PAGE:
A couple years ago, I read an excerpt from this book in the New Yorker and I was fascinated by the author's half-admiring, half-incredulous account of "super hardcore" Civil War re-enactors who are obsessed with recreating the experience of a common Confederate foot soldier. For the sake of authenticity, and in the hopes of attaining a peak experience during which they feel time melting away, these guys will endure anything, including meagre rations authentic to the period; sleeping all night in the open, unprotected from insects, or in the rain or in freezing temperatures; and especially obsessed with getting their handmade, homespun clothing right, down to the grease spots, authentically oxidized buttons, etc. These guys do reenactment like it's a religious experience or at least performance art. Well, the book spends a lot of time with these guys, but it's about much, much more than that. It's a complex, fascinating look at why the Lost Cause continues to appeal to the American imagination. In parts, this book is hilarious, but it's also genuinely sympathetic in its exploration of why people remain invested in these old stories. And it's far too smart and morally complex to settle for easy nostalgia. Everywhere he goes, the author also asks Black Southerners how they feel about the whole Civil War obsession. In part, also, the book is an elegy for the rural, 19th-century south, fast giving way to the New South, as battlefields are hidden under subdivisions and the parking lots of Piggly Wigglys. All this somehow adds up to one of the best nonfiction portraits of America that I've read in a long time.
This book is the perfect combination of pathos and humor. You will laugh out loud at some of the characters and situations, but Horwitz never belittles or laughs at the people he includes in the book. I think this is his greatest gift as a writer.
He takes you on a journey through history and makes it incredibly appealing. You will want to visit many of the places and meet the people just as Horwitz did, and you don't have to be a Civil War buff to enjoy it.
A great book to read on a road trip. I'm off to find more books by Tony Horwitz!
This was a tremendous read! Loved Horwitz' approach to meeting every-day people in all sorts of places around the American south. The war truly is not over for many of these folks. Horwitz touches on many aspects of our society and the divide between North and South, and between the races, and yet describes with warmth and humor the individual experiences that tie us to that time 150 years ago. Very highly recommended!!
I really got a lot out of this book. I hesitate to say 'enjoy' because some of the experiences the author endured were less than enjoyable, but the book remains relevant and is very interesting. As a living historian, I can attest to the fact that there *are* people who live the way these guys do. To walk in their shoes for a little while was enlightening, to say the least. I recommend this book.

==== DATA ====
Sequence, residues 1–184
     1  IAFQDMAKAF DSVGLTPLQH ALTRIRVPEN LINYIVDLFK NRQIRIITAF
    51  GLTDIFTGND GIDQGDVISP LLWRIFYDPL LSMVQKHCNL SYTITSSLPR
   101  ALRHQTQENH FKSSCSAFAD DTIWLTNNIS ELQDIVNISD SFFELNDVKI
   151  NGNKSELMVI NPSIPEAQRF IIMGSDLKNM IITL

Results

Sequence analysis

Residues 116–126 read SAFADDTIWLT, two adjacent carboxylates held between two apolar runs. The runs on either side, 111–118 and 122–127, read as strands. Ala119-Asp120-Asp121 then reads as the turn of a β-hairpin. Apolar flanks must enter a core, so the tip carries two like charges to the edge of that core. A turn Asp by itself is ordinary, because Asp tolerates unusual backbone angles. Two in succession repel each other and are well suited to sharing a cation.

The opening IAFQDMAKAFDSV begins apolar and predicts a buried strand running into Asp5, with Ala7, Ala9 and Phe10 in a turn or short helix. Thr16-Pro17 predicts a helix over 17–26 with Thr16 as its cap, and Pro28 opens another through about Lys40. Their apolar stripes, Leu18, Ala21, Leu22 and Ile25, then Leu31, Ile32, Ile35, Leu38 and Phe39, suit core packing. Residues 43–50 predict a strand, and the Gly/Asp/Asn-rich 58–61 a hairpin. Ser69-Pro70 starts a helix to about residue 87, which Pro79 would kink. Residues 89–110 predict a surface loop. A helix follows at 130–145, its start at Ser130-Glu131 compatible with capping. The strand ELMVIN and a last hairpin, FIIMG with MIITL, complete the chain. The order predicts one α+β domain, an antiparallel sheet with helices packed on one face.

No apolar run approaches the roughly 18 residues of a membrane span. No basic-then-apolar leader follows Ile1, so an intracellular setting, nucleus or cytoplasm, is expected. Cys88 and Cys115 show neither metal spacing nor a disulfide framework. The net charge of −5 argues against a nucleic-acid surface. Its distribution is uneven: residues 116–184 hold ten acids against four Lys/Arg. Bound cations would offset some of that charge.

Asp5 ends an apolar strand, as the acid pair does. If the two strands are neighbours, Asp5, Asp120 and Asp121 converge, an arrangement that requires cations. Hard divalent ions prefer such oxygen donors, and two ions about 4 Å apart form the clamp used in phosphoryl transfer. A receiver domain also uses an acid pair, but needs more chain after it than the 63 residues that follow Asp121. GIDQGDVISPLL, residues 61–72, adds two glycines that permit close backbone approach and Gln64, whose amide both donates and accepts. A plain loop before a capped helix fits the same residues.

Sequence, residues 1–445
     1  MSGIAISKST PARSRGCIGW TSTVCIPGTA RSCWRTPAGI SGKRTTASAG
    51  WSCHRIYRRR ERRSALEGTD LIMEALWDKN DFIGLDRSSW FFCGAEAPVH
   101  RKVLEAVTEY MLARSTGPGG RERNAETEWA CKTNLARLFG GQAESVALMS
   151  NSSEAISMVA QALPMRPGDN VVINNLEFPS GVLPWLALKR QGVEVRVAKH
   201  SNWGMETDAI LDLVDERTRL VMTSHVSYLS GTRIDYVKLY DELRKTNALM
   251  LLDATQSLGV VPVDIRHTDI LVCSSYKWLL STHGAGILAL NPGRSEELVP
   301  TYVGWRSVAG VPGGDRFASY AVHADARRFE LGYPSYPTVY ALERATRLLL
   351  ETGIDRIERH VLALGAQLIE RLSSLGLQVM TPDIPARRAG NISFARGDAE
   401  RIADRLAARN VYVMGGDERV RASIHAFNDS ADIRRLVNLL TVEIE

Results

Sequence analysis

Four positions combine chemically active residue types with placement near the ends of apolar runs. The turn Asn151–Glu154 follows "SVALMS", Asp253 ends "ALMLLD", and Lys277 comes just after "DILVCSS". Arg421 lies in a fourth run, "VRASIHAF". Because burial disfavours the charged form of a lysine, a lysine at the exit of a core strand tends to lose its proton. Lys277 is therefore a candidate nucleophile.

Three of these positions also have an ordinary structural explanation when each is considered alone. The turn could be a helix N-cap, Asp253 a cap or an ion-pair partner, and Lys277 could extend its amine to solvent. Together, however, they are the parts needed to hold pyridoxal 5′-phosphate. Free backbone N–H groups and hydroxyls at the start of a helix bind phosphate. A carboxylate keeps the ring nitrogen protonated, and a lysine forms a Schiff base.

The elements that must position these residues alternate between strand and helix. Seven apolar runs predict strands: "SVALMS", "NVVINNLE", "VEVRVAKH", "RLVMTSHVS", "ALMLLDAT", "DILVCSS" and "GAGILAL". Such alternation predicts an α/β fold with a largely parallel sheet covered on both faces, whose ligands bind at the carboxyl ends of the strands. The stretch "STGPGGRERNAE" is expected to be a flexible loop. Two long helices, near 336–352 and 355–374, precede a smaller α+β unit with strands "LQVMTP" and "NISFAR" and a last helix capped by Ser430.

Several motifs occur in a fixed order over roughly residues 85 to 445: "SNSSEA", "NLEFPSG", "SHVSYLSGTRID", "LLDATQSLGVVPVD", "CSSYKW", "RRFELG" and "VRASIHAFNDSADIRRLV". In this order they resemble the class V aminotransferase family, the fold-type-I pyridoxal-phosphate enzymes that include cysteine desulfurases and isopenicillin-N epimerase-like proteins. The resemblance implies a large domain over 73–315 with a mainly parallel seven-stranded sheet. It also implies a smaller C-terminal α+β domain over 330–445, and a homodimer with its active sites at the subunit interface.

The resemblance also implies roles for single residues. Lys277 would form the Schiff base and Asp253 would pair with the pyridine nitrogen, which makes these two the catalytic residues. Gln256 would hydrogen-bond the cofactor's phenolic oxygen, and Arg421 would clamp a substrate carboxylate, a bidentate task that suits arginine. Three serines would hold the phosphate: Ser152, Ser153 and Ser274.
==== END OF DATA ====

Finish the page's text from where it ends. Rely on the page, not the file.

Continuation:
The book might have been more relevant if I'd read it when first written, but it still helped me understand the Civil War history as seen from a Southerner's perspective. Traveling through the southern states as a Union soldier in this era, certainly put a spin on how he interacted with the people he met and the history he experienced. Well worth reading if you are interested in the whole picture of how the Civil War affected the country, even today.
I found this to be a very entertaining look at Civil War History. Hard to believe there could be such a fresh book on such an old (but importanat) topic. This would make good required reading for a HS or college civil war class.
The Civil War still rages across the South in ways both quirky and compelling. "Hardcore" reenactors crash-diet to resemble starved Confederates and spoon in ditches to stave off frostbite. A Scarlett O'Hara impersonator lifts her skirts for Japanese tourists. And Sons, Daughters and Children of the Confederacy gather to sing "Dixie" and salute the rebel flag.
Pulitzer Prize-winner Tony Horwitz takes us on a ten-state adventure, from Gettysburg to Vicksburg, from Charleston graveyards to Tennessee taverns. Probing both the history of the Civil War and its potent echo in the present, Horwitz crafts an eloquent, fast-paced, and penetrating travelogue that shows us how the Lost Cause still resonates in the memory and rituals of the South.
I can't even begin to say how much I LOVED this book. It is amazing, sad, funny, and ironic.
From the cover...The Civil War still rages across the South in ways both quirky and compelling. "Hardcore" reenactors crash-diet to resemble starved Confederates and spoon in ditches to stave off frostbite. A Scarlett O'Hara impersonator lifts her skirts for Japanese tourists. And Sons, Daughters, and Children of the Confederacy gather to sing "Dixie" and salute the rebel flag. Pulitzer Prize-winner Tony Horwitz takes us on a ten state adventure, from Gettysburg to Vickburg, from Charleston graveyards to Tennessee taverns. Probing both the history of the Civil Wary and its potent echo in the present, Horwitz crafts an eloquent, fast-paced and penetrating travelogue that shows us how the Lost Cause still resonates in the memory and rituals of the South.